Tech won’t hurt education; it’ll prime future generations for the workplace
6 min read
21 September 2015
Don't panic about a robot uprising, there's firm evidence that technology is exceptionally important to the development of our younger generations' educational development and, as a result, the future workforce.
If you’d been paying attention to the media in recent days, you’d be inclined to think we’re all destined for redundancy thanks to the impending rise of the robot.
Furthermore, you may have thought about invoking a restraining order against your child’s school computer – apparently they are detrimental to learning, if you believe the Organisation for Economic Co-operation and Development (OECD).
So apart from packing your bags and shipping your family out to the prairies, many might be wondering what to do in the midst of this flurry of panic against bad technology. “Wasn’t it supposed to help and advance us, the modern human?” wonders an overwhelmed parent, as they look up from their smart phone.
Fear not. We haven’t got that much to worry about – in fact despite the reports this week, there’s firm evidence that technology is exceptionally important to the development of our younger generations educational development.
Careers will be technology driven
Last year, technology evangelist Maggie Philbin, produced an independent review into digital skills, known as Digital Skills for Tomorrow’s World. A key takeaway from the report was that, “we have to make sure everyone in the UK is equipped for the digital revolution – not just a fortunate few.”
Her words are characteristically prescient. Without the implementation of skills, not just to our younger generations but also to our current workforce, whose knowledge of technology and use of computer doesn’t stretch further than Facebook or Netflix, it is inevitable that our economy will stifle and our potential to grow in our careers will falter.
In the UK’s schools today, great strides are being taken to incorporate technology for the good of pupils (and the workforce of tomorrow).
Walk into any school across the UK and along with the core, traditional subjects, you will find an increasing focus on computer science, which a year ago replaced the aging, and long out of date, ICT (Information and Communication Technology) in the national curriculum. The course was revamped to teach digital skills to the most tech-savvy generation that has ever been, but also prepare new generations of students for their future place in an increasingly digital UK economy.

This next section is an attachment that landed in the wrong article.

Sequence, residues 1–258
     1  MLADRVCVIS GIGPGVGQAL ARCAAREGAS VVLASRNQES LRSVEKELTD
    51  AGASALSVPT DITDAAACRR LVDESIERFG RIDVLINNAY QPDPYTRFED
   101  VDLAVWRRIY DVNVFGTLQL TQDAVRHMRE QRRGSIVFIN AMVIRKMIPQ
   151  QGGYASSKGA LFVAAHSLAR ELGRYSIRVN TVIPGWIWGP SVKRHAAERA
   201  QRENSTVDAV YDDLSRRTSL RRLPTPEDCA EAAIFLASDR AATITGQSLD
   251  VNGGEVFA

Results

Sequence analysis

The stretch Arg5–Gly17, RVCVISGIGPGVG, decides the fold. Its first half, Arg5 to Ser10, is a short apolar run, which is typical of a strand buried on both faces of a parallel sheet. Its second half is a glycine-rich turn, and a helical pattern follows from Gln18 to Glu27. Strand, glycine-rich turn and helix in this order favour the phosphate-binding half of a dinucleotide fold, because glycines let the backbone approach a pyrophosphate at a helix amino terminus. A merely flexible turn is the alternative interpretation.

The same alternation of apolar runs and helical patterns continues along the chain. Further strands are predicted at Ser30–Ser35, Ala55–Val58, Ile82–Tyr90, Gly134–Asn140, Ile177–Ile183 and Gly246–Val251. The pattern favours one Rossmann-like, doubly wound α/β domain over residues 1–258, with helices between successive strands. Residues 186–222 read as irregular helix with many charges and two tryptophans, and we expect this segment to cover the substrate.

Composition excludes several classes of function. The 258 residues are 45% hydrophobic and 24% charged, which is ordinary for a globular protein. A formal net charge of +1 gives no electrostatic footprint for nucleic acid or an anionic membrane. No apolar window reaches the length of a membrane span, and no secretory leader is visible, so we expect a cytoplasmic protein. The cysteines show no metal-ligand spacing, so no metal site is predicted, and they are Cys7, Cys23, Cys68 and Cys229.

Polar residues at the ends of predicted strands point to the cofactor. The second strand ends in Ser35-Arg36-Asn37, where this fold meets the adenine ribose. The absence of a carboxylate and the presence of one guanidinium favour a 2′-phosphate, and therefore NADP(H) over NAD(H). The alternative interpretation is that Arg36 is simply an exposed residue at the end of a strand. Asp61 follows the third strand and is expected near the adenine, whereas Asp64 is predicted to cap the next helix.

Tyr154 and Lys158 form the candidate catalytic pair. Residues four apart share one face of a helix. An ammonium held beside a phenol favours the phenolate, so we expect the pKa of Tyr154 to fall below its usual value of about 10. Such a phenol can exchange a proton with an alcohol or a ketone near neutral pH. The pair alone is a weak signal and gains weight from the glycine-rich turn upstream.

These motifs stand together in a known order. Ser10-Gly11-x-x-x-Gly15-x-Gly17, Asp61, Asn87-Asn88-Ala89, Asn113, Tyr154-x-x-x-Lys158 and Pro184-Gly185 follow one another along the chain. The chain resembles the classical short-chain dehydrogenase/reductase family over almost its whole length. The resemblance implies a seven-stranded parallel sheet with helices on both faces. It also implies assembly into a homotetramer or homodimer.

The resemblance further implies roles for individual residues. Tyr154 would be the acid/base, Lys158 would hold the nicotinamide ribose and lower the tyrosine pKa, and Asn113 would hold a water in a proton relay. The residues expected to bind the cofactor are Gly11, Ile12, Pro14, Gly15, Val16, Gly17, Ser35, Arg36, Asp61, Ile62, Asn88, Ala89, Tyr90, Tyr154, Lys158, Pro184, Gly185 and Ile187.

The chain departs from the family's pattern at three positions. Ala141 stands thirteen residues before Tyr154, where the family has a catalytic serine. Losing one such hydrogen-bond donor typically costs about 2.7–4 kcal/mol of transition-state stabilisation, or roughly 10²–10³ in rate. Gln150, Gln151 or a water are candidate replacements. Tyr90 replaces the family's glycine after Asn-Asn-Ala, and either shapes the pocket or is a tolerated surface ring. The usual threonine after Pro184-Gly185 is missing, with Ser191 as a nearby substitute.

By introducing Computer Science as a subject last year, the UK is fortunate in now having a fit for purpose curriculum that encourages computational thinking and regular purposeful programming. It also means that students from all walks of life, and academic abilities, from Keystage 1 to Sixth Form, can benefit.
And benefit they will. The revamped subject will bring multiple opportunities. It is sure to inspire young people to see technology, and its related applied sciences, as a future they can create. It will encourage them to become productive creators, creative producers, rather than mere passive consumers of digital products. It will engender the spirit that pervaded the industrial revolution to flourish in this, the technological revolution.
Although coding will not (for the foreseeable future anyway) become as much as a prerequisite for employment as reading, writing and arithmetic, it will become a significant advantage to candidates who have a grounding in code literacy. At present, the challenge is to create an environment that consists of partnerships between schools, universities and the tech industry that enriches the opportunities available to young people, both curricular and extracurricular, to ensure a level playing field and equal opportunity is maintained.
It’s not just about code though
While coding may be the number one subject associated with technology, it’s vitally important to realise the benefits it can provide for traditional subjects such as language. The advancement of tools such as artificial intelligence (AI), are superbly suited to engaging with children and teaching them the understanding of language in a natural way.
Through guided games for instance, pupils learning languages can explore and improve their vocabulary aided by technology that can assist, not replace teachers, both in the classroom, and outside it. The ability to incorporate state-of-the-art graphics and story telling processes into such games also prepares children for other, more traditional skills such as conversational engagement, which are crucial to future employment.
So no, we aren’t going to be debilitated by tech
While, I’m not arguing that it should be all tech and nothing else – traditional media such as reading and writing as well as human interaction are vital to young peoples evolution to adulthood, building the digital confidence of parents as a young person’s primary educator shouldn’t be dismissed, rather encouraged.
Technology has never been as important or more critical to not just our economy, but to our children’s future. Yes, 45% of jobs will disappear (only a small amount to robots) because of technology, but for every job that disappears, two more will be created. They are there for the taking for those who have the right skills and our education system and the tech industry need to make sure they evolve in tandem.
Mark Horneff is MD at Kuato Studios